We’re all watching more screens for more hours than ever before, so let’s look at something we watched here at the Bureau while sitting 6’ apart.

10 Things I Hate About You (1999)
This retelling of The Taming of the Shrew has a serious moral flaw at its center, and it’s not Shakespeare’s ideas on how to manage women. The film is set in Seattle (it’s filmed mostly in Tacoma), but it doesn’t include a single band from Seattle. The soundtrack is an undifferentiated mass of bands from such Pacific Northwesty places as California, Florida, Minnesota, Sweden, and the U.K. Even the band that performs live in the film, Letters to Cleo, is from Boston; they play covers by not-Seattle artists Cheap Trick and Nick Lowe.

There’s a scene in a lesbian club where someone mentions Bikini Kill. That’s the lone Northwest music reference in this film from the Seattle music renaissance. (Cultural note: In 1999, all lesbians wore spaghetti-strap black tops and weighed 90 pounds.)

None of this crap is memorable, except for the George Clinton classic “Atomic Dog,” and he ain’t from Seattle, either. The 10 Things I Hate About You soundtrack is the opposite of the Singles soundtrack: both movies take place in Seattle, but only Singles sounds like it.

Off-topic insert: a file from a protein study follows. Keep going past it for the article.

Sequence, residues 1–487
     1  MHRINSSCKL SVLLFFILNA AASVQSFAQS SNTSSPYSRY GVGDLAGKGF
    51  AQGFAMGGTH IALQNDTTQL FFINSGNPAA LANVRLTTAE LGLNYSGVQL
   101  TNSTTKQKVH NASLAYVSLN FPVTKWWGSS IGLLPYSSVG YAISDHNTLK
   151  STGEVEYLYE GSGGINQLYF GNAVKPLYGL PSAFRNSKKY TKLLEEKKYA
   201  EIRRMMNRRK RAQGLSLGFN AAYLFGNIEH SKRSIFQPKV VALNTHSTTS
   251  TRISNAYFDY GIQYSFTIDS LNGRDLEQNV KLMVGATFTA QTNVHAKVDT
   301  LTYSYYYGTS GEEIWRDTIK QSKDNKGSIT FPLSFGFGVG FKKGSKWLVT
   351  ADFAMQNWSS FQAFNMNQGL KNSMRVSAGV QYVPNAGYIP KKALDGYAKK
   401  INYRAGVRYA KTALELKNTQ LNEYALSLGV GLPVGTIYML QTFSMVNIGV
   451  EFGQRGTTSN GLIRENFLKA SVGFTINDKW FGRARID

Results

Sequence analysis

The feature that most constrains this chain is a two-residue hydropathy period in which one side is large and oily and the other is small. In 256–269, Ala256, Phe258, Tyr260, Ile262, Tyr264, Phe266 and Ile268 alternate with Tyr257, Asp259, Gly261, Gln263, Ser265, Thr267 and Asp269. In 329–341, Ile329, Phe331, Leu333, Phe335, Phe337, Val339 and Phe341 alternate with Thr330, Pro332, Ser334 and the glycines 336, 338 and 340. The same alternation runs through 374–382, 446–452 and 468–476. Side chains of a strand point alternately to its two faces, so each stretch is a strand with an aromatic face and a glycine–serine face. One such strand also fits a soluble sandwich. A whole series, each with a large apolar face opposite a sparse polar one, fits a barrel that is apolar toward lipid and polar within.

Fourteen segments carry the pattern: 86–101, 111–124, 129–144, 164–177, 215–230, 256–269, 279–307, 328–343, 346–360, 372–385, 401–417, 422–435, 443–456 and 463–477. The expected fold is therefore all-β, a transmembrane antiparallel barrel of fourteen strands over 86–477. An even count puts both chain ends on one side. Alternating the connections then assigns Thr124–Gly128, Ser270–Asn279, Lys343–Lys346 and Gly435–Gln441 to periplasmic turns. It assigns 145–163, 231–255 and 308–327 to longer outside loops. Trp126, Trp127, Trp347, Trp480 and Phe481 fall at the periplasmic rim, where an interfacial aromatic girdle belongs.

Oh right, the movie: Though the script manages to be both underwritten and a mess, 10 Things I Hate About You is sufficient to keep you occupied during a pandemic. It stars the teenaged Julia Stiles, Heath Ledger, and Joseph Gordon-Levitt. We also get the annoying David Krumholtz (fans of Firefly will recognize him as Mr. Universe), Joe Isuzu as the clueless gym teacher, Daryl Mitchell (Tommy Webber of Galaxy Quest) as the angry English teacher who can rap in Shakespeare, and Allison Janney as the porn-writing guidance counselor.

I enjoyed this film, but I would’ve enjoyed it much more if it had been about the English teacher and the guidance counselor and the music was by nerds in flannel shirts and maybe Sir Mix-a-Lot. (But not Kenny G.) As we said in Seattle in 1999, let’s call for pizza.

Hello, fellow pandemicians. I know you were all stunned by the decision on March 26 to stop the Candidates Tournament for the Men’s World Chess Championship. I certainly was. The games were exciting and one of the Russians got so cranky and insulted so many people that he was briefly trending on Twitter.

How weird is it that the last sporting event on earth was chess? See, I’ve been right all my life.

I hope you’re doing OK, and that you’re getting your facts from the World Health Organization or the Centers for Disease Control and not from uncredentialed idiots. Tying garlic around your neck or balloons to your ankles or eating 44 tons of plankton a day will not protect you.